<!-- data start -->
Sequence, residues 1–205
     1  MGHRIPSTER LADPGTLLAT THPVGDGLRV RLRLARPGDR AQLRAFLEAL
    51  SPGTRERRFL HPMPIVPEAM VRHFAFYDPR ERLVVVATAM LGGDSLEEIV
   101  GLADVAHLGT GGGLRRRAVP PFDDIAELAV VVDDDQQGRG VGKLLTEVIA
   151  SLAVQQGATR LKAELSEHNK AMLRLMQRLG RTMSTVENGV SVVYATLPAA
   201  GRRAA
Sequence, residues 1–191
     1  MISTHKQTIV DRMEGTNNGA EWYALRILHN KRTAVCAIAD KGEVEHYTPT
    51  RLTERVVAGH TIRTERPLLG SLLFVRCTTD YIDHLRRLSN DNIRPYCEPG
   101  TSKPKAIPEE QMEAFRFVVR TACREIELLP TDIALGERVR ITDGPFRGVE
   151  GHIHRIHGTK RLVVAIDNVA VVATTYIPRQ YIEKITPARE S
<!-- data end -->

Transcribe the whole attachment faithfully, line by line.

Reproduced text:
Sequence, residues 1–205
     1  MGHRIPSTER LADPGTLLAT THPVGDGLRV RLRLARPGDR AQLRAFLEAL
    51  SPGTRERRFL HPMPIVPEAM VRHFAFYDPR ERLVVVATAM LGGDSLEEIV
   101  GLADVAHLGT GGGLRRRAVP PFDDIAELAV VVDDDQQGRG VGKLLTEVIA
   151  SLAVQQGATR LKAELSEHNK AMLRLMQRLG RTMSTVENGV SVVYATLPAA
   201  GRRAA
Sequence, residues 1–191
     1  MISTHKQTIV DRMEGTNNGA EWYALRILHN KRTAVCAIAD KGEVEHYTPT
    51  RLTERVVAGH TIRTERPLLG SLLFVRCTTD YIDHLRRLSN DNIRPYCEPG
   101  TSKPKAIPEE QMEAFRFVVR TACREIELLP TDIALGERVR ITDGPFRGVE
   151  GHIHRIHGTK RLVVAIDNVA VVATTYIPRQ YIEKITPARE S